Which one is correct:

"Do you think that this is correct?" or "Do you think if this is correct (or not)?"


"Do you know that he is coming?" or "Do you know whether he is coming?"

  • Think this: "if" is a subordinating conjunction that acts usually as a subject or objects in their own clauses. This de-emphasizes the subject. This changes sentence to passive voice vs. active. Generally, prefer the active voice. It's stronger. Clearer. Use passive when the sentence subject is unclear or unimportant. You is subject is not unknown or unimportant: both sentences - stick with active voice in writing. Pick 1st one in both examples. They are active voice. – user90322 Feb 24 '19 at 10:19

'Do you think if...' would only work in a context such as 'Do you think, if this is correct, I could print it out now?' You could simply say 'Do you think this is correct?

'Do you know whether he is coming?' would be the usual version. Supposing that you were very doubtful of the other person's statement, you might ask them 'Do you know that he is coming (because I think it unlikely)?'


Which one is correct "Do you think that this is correct?" or "Do you think if this is correct (or not)?" ?

A. They are both correct.

Find out why, read below.

After reading, apply same thing to "that" vs. "whether."

"Whether" functions exactly like "if"

Discussion: Examine the separate functions "that" and "if" have in a sentence. Let's do that below:

"Do" simply makes sentences interrogative (into a question.) For this exercise, drop the do.

That: Adjective clause (LBH P. 252/University of Pittsburgh "adjective clauses" web. https://www.pitt.edu/~atteberr/comp/0150/grammar/adjclauses.html

One of five that introduce an adjective clause (Who, Whom, Whose, Which, and That)

  • Adjective clauses usually begin with a relative pronoun, like your sentence does with "you." This pronoun is the subject or object of the clause it begins. The clause ordinarily falls immediately after the noun or pronoun it modifies.

Why is this important? Do the exercise on your sentence. Put the do back in.

"Do you think that..." is the adjective clause. Adjective clauses are subordinate clauses.

The subject of a sentence is always the most important part of a sentence (it's the subject!) Whatever the adjective clause creates is the important part as it modifies the noun/subject (in this case modifies the subject to what the subject thinks.)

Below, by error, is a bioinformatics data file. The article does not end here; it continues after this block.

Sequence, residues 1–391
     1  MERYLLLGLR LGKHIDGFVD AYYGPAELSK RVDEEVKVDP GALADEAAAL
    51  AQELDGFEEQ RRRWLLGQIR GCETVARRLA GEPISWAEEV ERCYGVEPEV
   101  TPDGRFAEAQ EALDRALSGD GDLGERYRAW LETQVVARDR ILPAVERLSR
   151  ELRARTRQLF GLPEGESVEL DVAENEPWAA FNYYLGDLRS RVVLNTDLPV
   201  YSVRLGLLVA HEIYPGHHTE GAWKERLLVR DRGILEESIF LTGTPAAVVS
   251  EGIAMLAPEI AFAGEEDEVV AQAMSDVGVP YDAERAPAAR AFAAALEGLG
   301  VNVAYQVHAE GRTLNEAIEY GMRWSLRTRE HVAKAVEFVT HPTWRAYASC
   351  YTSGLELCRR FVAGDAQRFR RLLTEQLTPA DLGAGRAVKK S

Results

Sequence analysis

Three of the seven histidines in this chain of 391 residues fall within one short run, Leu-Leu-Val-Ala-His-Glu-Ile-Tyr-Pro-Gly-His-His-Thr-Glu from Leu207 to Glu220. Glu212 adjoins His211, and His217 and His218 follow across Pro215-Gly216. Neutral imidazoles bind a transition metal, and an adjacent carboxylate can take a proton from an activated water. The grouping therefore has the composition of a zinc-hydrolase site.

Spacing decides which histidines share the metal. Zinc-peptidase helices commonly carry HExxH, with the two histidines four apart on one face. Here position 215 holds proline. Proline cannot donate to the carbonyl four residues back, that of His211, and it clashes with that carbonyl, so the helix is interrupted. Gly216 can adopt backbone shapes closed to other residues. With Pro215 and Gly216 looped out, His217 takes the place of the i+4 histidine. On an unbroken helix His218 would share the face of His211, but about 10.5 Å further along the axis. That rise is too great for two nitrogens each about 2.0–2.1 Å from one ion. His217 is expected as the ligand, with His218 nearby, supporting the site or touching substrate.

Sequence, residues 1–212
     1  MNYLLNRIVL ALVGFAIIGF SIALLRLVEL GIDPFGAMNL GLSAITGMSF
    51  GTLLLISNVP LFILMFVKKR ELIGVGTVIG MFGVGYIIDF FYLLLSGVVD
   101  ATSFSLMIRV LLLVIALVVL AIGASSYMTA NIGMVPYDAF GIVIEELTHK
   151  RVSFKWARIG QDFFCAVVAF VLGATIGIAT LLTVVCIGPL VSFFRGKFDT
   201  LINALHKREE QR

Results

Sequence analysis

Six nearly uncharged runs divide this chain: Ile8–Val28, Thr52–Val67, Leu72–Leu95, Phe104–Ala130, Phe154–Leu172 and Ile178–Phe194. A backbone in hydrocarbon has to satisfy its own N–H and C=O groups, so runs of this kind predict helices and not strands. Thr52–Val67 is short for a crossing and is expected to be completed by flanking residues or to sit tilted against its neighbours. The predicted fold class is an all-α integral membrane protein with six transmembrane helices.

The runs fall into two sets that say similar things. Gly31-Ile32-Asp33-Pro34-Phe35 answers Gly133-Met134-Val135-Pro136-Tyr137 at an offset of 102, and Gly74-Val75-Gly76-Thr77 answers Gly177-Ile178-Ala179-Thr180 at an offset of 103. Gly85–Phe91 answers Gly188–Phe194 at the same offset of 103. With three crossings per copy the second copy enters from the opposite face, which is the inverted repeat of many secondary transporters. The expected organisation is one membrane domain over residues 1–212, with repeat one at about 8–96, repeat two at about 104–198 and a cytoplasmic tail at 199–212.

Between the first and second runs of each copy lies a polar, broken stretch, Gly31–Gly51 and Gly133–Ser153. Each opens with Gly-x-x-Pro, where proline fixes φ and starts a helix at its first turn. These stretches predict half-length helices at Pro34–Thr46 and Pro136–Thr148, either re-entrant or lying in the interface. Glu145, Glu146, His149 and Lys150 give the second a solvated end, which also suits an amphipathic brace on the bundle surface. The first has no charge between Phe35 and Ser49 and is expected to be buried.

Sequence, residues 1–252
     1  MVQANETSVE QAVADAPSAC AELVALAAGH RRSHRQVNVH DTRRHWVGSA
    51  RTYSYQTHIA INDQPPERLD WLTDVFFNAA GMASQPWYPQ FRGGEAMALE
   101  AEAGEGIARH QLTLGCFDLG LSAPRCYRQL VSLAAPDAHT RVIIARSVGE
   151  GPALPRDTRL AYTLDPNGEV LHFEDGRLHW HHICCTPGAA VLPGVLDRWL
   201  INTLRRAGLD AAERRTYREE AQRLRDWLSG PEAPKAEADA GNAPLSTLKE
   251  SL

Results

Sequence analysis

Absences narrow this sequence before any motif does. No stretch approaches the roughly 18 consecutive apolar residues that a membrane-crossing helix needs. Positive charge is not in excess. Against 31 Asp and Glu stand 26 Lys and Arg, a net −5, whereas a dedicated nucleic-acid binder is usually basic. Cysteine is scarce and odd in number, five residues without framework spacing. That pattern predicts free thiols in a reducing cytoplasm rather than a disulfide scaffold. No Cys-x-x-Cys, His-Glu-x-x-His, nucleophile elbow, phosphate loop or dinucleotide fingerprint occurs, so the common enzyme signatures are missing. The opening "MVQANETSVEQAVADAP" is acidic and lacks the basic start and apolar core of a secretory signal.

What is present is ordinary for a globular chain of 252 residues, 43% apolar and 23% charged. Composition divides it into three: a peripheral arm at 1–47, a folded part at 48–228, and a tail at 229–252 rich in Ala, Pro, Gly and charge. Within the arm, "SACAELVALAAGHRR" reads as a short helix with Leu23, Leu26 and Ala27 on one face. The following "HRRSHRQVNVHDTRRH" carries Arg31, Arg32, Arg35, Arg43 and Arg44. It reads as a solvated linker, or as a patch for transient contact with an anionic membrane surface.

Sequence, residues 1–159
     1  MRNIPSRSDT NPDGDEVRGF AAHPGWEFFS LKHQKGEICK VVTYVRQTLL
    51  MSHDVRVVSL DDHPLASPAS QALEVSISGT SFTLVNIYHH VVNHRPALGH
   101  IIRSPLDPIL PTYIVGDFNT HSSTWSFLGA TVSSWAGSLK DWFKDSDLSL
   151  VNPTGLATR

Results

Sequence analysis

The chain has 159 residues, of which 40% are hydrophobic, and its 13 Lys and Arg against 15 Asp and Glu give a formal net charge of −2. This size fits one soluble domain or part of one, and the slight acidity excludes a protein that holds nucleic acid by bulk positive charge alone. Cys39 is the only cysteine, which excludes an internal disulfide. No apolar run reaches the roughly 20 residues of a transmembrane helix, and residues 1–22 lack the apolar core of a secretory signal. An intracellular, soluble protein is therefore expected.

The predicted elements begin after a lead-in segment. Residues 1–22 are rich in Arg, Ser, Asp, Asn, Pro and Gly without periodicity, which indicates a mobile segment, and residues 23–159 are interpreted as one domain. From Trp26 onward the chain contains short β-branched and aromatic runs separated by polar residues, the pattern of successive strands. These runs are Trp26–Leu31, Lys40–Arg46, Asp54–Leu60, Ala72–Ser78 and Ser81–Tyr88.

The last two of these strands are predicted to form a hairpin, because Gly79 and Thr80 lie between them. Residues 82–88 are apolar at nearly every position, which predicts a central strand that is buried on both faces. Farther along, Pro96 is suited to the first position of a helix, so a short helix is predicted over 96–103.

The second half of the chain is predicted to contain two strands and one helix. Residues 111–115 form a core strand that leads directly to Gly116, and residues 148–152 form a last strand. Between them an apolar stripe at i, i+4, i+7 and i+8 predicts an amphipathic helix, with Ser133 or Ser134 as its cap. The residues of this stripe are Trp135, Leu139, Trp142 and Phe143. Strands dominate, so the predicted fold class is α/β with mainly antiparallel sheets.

Example: Do you think that Sharon cooks chicken?

"if" - is a common subordinating conjunction. Provides "condition."

A subordinating conjunction like "if" connect independent clauses to a dependent clause. (https://grammar.yourdictionary.com). Adding "if" - to the head of the clause makes the clause subordinate and dependent on a main clause.

A dependent clause adds extra information to the main clause. Dependent clauses cannot stand by themselves and their meaning is dependent on the independent clause.

With this, Ask yourself - where's the subject, verb, object in these two sentences using "if." Do that by asking which is the main clause. Which is the dependent clause that adds extra information?

If you leave me, I'm going to take the bus home.

Do you think if this this car works(or not)?

Karen will think I'm funny, if I go home.

If I think money grows on trees, people will think I'm crazy.

What you arrive at is both these sentences you provided the subject, verb, and object are the same (Do you think). It's just that "that" and "if" are separate with completely different functions in the sentence.

if provides a condition and creates the subordinate clause.

"that" has no condition. It simply functions to strongly bind modifiers to a subject in a sentence. The first sentence is stronger; more definitive. Someone stating "Do you think that this is correct?" Makes the speaker sound stronger and more sure.

"if" since it is a subordinating conjunction, adds condition. It can have the effect of making the speaker's statements or questions sound weaker. Make the speaker appear less sure of themselves, especially when asking someone what they think about something.

Most will point you to choose the first sentence. It is more direct when asking a question. "Whether' functions in a sentence exactly like "if," as whether is a subordinating conjunction that adds condition.

That's it

  • The example with if in Do you think if this this car works is not grammatical. You can use if in this way with know, as in I don't know if this works, but it doesn't work with think as is *I don't think if this works. – oerkelens Feb 23 '19 at 12:39
  • It's an exercise. If the poster applies the grammatical rule, they'd catch it and see as written. This is a dependent clause. Requires an independent clause to finish the sentence. [Do you think if this car works, we could drive it to Toronto? Nice catch, though. – user90322 Feb 23 '19 at 12:46

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